Slices of Japanese business, politics and life
“Japan syndrome” hits about 10 Japanese tourists to Paris a year. The victims are so disappointed at the dirty streets and rude waiters that they succumb to a nervous breakdown at the idea of having wasted a week of leave and savings on a trip to the City of Lights.
There is said to be a psychologist, Japanese of course, who treats these despondent compatriots at the embassy. So when I read about a group of Japanese volunteers who gather once a month to clean the famously cobbled streets of Paris I saw a story.
Place de la Concorde is a busy intersection of ferocious drivers in underpowered cars hurtling past some of the most beautiful architecture in the city. At the epicentre I find a group of 20 Japanese dressed in green tops holding tongs and brooms, with cameras and gloves, waiting for their leader Osamu-san to start the slow march up the Champs Elysees.
I interview Osamu-san. It is stunted and in three languages. His reasons for the group’s existence seem not to require explanation: Paris could be cleaner and so the group is cleaning it up. Simple. “Green Bird – Keep Clean, Keep Green” read their vests. “It’s not so clean in Osaka, either” he says smiling, not wanting to appear superior.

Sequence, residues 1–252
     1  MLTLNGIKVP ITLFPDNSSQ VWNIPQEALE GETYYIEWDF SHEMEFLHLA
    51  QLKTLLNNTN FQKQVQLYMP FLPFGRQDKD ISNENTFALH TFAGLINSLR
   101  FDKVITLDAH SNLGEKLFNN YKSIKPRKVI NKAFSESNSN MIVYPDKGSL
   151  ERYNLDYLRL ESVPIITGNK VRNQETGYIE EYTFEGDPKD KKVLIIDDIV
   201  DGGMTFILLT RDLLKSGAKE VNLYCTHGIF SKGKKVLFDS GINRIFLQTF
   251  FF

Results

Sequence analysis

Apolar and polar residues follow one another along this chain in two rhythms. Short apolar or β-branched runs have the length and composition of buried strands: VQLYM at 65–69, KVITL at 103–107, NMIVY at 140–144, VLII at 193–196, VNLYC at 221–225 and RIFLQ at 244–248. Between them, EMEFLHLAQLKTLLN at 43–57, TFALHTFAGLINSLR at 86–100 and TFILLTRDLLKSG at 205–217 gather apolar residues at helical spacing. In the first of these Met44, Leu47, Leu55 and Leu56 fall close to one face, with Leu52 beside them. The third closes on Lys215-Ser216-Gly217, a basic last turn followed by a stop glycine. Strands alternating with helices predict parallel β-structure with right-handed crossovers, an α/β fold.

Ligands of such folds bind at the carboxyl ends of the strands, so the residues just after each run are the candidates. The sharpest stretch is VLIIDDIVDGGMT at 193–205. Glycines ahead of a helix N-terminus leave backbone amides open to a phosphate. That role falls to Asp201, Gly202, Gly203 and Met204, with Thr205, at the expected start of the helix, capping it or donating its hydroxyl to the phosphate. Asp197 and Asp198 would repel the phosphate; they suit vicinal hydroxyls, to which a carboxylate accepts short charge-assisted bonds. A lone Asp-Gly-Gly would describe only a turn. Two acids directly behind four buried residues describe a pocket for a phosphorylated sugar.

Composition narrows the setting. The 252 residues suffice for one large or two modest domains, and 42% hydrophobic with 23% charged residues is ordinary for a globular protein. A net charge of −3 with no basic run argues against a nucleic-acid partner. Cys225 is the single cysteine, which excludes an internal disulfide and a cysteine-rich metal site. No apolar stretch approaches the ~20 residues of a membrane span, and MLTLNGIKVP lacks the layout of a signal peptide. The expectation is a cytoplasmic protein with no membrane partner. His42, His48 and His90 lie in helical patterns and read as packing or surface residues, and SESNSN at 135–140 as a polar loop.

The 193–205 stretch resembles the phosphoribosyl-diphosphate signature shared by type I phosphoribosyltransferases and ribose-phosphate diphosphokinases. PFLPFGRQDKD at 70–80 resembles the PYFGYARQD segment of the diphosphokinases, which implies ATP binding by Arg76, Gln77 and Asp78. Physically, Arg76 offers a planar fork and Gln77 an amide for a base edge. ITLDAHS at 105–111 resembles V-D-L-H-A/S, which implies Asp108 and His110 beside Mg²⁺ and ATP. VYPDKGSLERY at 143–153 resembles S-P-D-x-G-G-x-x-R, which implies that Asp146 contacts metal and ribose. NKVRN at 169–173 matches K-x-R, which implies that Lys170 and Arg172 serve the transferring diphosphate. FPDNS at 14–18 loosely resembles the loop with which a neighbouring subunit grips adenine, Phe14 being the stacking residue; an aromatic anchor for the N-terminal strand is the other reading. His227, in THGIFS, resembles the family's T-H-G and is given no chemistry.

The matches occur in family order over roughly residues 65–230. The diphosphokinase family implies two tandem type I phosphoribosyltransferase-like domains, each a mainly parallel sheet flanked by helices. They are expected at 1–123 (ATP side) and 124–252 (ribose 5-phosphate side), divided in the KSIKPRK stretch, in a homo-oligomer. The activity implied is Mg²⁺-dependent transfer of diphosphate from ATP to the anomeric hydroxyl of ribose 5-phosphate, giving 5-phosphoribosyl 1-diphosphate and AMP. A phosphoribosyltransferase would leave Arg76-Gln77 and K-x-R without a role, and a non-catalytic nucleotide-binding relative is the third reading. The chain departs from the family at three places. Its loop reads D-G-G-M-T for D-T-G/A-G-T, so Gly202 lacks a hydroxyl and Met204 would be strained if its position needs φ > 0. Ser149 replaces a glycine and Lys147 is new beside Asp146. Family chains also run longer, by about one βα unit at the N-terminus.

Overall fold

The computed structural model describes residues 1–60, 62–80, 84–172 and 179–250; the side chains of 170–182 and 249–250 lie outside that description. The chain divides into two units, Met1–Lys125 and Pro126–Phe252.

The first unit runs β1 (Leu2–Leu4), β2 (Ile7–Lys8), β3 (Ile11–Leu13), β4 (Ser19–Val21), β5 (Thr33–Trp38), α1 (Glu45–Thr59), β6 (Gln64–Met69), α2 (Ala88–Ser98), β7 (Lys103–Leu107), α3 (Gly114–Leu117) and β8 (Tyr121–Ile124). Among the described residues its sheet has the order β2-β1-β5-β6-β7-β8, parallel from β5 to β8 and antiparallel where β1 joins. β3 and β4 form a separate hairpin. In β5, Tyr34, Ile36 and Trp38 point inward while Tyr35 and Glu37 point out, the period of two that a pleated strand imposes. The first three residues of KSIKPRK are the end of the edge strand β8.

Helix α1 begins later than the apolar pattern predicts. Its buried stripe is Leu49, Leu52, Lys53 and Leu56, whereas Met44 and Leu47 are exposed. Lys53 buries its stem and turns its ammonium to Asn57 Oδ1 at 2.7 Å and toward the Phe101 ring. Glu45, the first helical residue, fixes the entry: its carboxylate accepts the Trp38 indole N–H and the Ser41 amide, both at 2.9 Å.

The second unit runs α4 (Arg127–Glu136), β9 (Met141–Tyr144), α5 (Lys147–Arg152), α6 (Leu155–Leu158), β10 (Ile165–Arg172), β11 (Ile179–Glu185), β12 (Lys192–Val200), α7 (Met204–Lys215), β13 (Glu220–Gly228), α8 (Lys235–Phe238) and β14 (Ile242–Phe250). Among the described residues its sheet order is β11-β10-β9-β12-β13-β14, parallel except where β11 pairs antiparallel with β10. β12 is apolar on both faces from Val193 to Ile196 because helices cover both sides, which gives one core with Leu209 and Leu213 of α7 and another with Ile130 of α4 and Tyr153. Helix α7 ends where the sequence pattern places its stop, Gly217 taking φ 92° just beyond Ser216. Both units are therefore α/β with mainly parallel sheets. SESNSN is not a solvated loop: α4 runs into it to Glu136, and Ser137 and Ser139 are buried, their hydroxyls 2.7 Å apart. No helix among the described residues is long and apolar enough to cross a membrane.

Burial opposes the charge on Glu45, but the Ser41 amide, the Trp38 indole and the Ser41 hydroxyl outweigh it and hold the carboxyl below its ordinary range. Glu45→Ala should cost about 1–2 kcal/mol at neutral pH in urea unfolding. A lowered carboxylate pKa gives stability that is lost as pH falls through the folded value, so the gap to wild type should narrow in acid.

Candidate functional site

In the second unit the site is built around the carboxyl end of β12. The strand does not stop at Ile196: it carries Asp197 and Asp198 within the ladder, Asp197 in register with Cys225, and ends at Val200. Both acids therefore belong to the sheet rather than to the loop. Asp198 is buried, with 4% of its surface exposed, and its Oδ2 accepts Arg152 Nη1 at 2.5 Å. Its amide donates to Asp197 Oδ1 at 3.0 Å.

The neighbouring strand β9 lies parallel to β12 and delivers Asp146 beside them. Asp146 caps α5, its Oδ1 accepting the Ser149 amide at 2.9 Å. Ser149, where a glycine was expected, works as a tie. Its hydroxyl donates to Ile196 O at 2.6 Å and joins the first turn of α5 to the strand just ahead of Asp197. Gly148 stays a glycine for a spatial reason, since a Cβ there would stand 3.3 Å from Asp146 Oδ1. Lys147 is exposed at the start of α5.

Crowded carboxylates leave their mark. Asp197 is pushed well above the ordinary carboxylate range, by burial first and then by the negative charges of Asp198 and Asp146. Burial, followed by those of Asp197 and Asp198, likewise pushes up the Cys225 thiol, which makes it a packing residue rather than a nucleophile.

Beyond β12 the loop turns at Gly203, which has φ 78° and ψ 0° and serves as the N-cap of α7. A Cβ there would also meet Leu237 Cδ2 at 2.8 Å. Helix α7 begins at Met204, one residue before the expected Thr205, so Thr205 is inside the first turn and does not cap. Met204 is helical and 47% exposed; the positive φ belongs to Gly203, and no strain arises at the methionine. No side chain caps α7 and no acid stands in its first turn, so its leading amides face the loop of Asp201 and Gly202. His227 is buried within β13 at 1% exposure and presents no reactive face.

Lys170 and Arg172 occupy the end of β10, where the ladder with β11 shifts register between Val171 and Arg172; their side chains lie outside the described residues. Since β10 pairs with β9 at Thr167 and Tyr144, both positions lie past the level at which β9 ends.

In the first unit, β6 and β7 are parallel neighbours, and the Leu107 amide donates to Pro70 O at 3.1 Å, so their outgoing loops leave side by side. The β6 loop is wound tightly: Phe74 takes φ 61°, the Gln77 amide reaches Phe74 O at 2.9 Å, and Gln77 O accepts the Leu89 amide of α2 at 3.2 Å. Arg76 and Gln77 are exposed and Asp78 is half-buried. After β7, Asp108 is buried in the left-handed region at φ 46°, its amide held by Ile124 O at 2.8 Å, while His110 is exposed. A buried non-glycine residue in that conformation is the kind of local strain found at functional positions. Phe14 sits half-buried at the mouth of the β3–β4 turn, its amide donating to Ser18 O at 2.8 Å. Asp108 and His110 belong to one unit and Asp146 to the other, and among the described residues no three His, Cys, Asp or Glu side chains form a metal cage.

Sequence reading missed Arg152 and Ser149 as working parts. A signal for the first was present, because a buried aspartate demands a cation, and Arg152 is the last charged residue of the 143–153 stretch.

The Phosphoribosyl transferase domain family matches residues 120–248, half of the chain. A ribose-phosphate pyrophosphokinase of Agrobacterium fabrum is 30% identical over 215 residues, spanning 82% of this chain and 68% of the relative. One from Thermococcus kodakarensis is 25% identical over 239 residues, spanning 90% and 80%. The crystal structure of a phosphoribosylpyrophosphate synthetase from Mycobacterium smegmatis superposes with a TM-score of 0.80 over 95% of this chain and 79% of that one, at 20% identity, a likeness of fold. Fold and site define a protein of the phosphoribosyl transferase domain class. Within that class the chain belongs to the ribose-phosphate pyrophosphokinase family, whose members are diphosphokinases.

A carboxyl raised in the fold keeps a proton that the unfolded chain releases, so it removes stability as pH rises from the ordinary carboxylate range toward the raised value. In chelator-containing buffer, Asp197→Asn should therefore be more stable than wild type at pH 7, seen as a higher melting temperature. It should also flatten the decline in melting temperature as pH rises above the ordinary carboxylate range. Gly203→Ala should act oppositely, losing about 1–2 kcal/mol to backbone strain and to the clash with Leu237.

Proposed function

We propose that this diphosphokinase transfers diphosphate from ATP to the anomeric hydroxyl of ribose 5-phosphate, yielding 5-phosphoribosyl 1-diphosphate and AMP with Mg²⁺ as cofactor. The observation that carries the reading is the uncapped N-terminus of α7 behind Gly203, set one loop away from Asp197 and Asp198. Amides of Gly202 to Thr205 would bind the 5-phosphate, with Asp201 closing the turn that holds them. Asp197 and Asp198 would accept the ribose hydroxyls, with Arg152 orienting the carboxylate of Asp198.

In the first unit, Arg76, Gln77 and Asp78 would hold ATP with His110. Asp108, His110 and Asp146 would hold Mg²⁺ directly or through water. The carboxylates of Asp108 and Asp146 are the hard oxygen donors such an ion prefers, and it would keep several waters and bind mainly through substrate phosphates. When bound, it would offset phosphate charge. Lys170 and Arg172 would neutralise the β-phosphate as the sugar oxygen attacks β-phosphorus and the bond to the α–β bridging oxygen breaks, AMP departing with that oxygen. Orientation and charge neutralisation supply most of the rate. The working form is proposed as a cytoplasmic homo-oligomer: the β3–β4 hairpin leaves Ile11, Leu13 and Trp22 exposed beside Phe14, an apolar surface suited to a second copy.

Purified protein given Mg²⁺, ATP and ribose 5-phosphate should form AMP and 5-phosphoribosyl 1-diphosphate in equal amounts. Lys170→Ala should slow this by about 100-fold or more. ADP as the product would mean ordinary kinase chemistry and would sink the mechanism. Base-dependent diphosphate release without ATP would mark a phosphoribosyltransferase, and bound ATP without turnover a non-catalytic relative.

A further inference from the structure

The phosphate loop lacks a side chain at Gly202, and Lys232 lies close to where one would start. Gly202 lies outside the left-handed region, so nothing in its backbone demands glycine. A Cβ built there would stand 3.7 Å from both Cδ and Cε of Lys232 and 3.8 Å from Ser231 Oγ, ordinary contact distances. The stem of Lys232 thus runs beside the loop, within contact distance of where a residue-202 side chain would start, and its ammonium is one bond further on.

For a variety of religious and cultural reasons, women are sometimes excluded from certain traditional Japanese rituals such as entering the ring of the ancient sport of sumo.
At a hadaka matsuri, or naked festival, I covered this week, women were not getting into a muddy pond with loin-cloth wearing gents but were having fun on the sidelines.
The Sapporo Snow Festival was held February 5-11 on the northern island of Hokkaido and I had the job of chronicling this in pictures for Reuters.
Capturing the Sapporo Snow Festival was not as easy or beautiful as the pictures would appear. On the opening day, snow fell continuously, while the bitter cold made roads and walkways treacherous.
As Washington readies for the inauguration of Barack Obama, one Japanese firm is finding out how well his face sells — literally.
A mask factory near Tokyo is churning out Obama masks that are fast becoming the firm’s top-selling face, while others are also cashing in on the popularity of the new U.S. president.